C is for cookie, B is for boycott? W is for WTF?

January 13, 2012

i guess i should let you know that later in this post there are some s-e-x related terms but nothing is graphic or anything like that.


When i was six years old i sat in my first grade classroom as my teacher Mrs. Howes passed out fliers to all the girls in the room. When i got mine i read that it was for an if you’re interested in joining Girl Scouts type session. What i really noticed was a picture of girls in a swimming pool. i thought, “If Girl Scouts means more swimming then i’m joining Girl Scouts.” And so it was.

We didn’t do any swimming in my regular Girl Scout meetings but they soon became my favorite part of the week. Each meeting meant something new and exciting; a craft, a song, a story, a play to act out, a field trip. The list was endless. It also meant a place and time that i got to see and meet girls that weren’t in my class or who were but didn’t know well. It was where i had my first big and deep conversations because my leaders would ask us challenging questions and we would all talk (without having to raise our hands!) and give our thoughts and opinions.  When we were there it didn’t matter what we wore or what music we listened to or anything like that because we were just us. That’s not to say that there weren’t people who were closer friends than others but, at least in my troop, we never had cliques within. And we were so proud of being Girl Scouts we would wear our sashes to school for the whole day just so everyone would know we had a Girl Scout meeting or even that day.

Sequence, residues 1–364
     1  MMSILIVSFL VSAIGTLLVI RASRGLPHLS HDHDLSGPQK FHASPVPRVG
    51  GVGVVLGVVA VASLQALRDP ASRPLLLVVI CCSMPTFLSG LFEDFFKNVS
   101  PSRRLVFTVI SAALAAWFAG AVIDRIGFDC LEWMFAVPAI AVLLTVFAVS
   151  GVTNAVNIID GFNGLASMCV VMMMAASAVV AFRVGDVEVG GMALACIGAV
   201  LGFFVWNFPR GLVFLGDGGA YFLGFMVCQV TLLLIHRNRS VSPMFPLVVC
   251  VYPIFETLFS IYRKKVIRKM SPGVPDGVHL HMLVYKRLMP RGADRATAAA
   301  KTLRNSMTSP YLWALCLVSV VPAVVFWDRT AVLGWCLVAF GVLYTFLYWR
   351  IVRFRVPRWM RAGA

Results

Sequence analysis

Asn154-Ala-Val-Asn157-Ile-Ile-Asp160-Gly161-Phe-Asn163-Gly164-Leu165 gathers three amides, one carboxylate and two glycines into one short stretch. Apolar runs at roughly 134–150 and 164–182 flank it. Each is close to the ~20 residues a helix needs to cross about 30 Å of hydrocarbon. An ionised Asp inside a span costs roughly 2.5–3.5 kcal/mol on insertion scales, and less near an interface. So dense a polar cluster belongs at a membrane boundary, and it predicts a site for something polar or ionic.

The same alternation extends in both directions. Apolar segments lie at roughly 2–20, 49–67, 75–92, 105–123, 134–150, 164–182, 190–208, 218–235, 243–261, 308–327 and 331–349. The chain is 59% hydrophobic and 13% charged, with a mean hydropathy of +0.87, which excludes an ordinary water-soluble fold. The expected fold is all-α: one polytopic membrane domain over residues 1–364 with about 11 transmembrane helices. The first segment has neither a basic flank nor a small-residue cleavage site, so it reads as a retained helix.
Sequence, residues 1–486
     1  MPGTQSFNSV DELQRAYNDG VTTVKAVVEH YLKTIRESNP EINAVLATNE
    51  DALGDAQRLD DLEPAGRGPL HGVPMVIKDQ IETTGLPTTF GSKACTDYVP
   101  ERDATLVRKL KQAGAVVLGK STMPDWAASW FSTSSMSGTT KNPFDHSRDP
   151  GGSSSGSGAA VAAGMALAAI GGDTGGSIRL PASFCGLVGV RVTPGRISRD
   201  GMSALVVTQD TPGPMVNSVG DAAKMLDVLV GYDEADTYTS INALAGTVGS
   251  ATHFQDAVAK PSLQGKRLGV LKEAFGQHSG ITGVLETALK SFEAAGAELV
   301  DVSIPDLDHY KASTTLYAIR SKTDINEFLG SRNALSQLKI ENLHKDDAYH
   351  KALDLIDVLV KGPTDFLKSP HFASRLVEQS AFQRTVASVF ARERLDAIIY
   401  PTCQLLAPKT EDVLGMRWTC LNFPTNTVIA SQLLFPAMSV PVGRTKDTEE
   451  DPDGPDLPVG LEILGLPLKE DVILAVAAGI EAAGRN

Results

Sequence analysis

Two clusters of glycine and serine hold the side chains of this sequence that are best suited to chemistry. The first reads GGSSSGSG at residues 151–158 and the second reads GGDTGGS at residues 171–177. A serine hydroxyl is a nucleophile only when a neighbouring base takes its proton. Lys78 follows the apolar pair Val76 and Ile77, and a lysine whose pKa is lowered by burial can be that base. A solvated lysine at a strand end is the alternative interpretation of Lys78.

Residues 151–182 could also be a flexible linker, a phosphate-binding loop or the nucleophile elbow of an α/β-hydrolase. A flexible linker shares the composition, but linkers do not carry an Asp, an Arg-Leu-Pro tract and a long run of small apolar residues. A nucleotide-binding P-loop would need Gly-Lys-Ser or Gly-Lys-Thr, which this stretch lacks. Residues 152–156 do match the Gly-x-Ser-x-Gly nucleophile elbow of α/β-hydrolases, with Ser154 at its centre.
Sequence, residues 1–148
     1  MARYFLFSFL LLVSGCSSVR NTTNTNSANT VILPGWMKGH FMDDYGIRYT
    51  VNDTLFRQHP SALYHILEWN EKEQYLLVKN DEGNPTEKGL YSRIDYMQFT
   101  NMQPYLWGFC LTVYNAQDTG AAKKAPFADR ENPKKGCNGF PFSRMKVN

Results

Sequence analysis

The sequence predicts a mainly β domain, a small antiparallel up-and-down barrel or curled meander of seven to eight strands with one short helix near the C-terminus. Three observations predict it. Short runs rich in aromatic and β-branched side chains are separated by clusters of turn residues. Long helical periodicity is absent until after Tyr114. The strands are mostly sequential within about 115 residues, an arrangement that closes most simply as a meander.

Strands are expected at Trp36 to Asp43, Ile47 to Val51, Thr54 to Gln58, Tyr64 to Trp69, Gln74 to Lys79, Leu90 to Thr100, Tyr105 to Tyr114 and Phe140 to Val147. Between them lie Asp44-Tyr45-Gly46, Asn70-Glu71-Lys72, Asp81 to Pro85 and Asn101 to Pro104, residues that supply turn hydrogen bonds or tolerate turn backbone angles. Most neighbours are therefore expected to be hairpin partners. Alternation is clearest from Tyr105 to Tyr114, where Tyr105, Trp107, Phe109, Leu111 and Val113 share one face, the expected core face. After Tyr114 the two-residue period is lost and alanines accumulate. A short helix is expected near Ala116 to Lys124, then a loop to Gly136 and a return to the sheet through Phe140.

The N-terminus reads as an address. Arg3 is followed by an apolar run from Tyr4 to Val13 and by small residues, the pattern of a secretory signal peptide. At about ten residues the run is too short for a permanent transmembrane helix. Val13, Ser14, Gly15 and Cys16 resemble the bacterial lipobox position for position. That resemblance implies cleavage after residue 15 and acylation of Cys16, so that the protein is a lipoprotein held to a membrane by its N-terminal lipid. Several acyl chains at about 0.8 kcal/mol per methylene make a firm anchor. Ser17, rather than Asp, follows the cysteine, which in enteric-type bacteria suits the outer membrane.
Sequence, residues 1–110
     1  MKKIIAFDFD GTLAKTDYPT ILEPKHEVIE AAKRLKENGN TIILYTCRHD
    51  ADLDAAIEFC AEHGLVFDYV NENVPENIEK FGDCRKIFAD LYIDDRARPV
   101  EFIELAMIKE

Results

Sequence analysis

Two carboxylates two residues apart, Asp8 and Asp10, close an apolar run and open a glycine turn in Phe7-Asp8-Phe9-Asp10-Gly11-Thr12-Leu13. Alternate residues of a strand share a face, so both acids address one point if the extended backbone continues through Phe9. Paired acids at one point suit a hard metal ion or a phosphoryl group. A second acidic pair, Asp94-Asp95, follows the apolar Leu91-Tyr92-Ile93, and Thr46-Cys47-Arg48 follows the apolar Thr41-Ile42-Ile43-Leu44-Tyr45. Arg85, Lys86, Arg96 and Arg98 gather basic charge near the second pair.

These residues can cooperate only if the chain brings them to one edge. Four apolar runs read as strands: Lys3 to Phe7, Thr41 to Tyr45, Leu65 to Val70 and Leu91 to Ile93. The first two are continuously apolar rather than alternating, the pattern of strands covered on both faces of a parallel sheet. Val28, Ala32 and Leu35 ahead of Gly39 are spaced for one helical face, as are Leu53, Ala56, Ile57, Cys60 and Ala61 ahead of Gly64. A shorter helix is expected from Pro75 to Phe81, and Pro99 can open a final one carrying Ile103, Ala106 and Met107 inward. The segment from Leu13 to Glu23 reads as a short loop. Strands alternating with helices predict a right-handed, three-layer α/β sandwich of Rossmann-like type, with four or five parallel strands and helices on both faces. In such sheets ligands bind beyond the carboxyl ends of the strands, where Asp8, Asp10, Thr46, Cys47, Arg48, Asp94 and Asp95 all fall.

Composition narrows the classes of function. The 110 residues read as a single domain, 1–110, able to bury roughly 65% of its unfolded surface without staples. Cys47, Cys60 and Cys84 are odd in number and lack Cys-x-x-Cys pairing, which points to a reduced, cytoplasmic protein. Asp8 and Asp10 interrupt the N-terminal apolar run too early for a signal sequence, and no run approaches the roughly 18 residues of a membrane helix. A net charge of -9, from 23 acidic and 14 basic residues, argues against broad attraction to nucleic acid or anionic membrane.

One of the first things we learned as Girl Scouts was the Girl Scout Promise and the Girl Scout Law. We had to memorize the Promise and we said it at the beginning of each meeting. As i got older i memorized the Law. (i still know them but i went to the official Girl Scouts site to make sure i had everything correct.)

The Girl Scout Promise

On my honor I will try:

To serve God and my country,

To help people at all times,

And to live by the Girl Scout Law.

The Girl Scout Law

I will do my best to be

honest and fair,

friendly and helpful,

considerate and caring,

courageous and strong, and

responsible for what I say and do,

and to

respect myself and others,

respect authority,

use resources wisely,

make the world a better place, and

be a sister to every Girl Scout.

This was (and still is how i try to live) it was hugely important. All it took was a look from our leader and a question, “Was that friendly or helpful?” “Are you using your resources wisely?” etc and there was a sense of disappointment in myself and a determination to work harder, to be more conscientious about the things i said or did.

That first year led to my first year at camp, which if you know me at all you know is one of my greatest loves ever.

Here is me during one of my earliest camp years smiling way too hard for the camera:

i went from a Brownie to a Junior to a Cadette to a Senior to a College Girl Scout to an Adult Girl Scout. And when i have a job that has at least semi-regular hours i plan on becoming a Girl Scout Leader/ Volunteer. And you can bet that as each year went by my troops grew smaller and smaller. My senior year of high school i was the only one but i never questioned whether or not i would keep going.  In fact this is one of my senior pictures (i’m not sure why my smile is wonky or why i wore black pants with a blue thermal but still. . . )

There was a time when i rarely spoke (actually this is still sometimes true) but back then it was because i didn’t think i had anything important or good enough to say. i was terrified at the thought of getting in front of people to read something or teach something (and in many situations this is still true) but when it came to Girl Scouts i found myself. i learned and used leadership skills until i became a leader in training, president of my troop, a camp counselor among other things not to mention countless other non-Girl Scout related positions. i learned organizational skills and planned many trips, many events and was able to get through many a rainy day with kids at camp. i played games and sang songs and i was silly and carefree. i proudly got my Silver Award and my Gold Award. And i use the skills i learned through all those years EVERY SINGLE DAY.